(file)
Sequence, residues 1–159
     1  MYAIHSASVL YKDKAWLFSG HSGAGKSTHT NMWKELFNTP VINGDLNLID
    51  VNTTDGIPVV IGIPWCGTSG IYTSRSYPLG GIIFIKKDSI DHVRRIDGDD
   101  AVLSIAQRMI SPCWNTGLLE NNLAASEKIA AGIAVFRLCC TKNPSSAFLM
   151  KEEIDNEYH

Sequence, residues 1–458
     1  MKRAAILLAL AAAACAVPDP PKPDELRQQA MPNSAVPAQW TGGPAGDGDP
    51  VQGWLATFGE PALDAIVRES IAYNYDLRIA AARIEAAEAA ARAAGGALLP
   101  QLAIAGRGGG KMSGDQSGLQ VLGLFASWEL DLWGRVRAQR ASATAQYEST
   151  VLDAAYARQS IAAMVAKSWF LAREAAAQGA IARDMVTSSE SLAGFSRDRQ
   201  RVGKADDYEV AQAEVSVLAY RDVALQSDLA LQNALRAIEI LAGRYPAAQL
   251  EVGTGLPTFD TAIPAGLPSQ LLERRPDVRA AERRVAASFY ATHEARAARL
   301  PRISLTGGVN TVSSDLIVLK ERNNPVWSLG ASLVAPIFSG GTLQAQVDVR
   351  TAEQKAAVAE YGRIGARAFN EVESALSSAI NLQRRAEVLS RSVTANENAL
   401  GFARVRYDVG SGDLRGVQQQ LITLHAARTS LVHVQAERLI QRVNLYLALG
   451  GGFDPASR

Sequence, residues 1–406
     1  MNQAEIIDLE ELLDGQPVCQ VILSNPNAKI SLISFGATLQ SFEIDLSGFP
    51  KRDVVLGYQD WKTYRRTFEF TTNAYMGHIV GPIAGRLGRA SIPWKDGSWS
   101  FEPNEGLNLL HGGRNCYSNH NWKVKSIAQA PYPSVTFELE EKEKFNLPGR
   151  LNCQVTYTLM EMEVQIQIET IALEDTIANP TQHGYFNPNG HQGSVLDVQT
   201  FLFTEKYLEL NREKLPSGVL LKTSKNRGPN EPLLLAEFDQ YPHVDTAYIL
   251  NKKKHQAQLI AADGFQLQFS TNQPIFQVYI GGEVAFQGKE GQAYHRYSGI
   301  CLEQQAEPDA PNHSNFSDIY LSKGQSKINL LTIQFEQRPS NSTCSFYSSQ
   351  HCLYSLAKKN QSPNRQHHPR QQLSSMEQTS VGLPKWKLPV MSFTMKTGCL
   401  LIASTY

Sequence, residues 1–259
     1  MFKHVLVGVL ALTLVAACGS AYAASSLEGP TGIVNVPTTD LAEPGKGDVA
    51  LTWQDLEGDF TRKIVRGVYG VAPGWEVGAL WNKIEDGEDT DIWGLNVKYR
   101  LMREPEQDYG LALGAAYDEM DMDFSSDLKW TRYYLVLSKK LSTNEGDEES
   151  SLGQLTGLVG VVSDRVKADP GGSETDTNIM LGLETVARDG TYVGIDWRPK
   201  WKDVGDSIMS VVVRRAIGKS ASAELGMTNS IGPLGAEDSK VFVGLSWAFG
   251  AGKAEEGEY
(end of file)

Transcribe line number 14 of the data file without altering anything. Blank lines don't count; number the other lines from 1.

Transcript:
   351  TAEQKAAVAE YGRIGARAFN EVESALSSAI NLQRRAEVLS RSVTANENAL